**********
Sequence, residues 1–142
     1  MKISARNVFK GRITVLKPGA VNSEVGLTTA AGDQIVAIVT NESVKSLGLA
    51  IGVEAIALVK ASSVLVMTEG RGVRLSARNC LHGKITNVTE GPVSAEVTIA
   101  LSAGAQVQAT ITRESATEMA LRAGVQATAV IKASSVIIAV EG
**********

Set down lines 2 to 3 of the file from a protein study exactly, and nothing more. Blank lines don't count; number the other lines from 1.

     1  MKISARNVFK GRITVLKPGA VNSEVGLTTA AGDQIVAIVT NESVKSLGLA
    51  IGVEAIALVK ASSVLVMTEG RGVRLSARNC LHGKITNVTE GPVSAEVTIA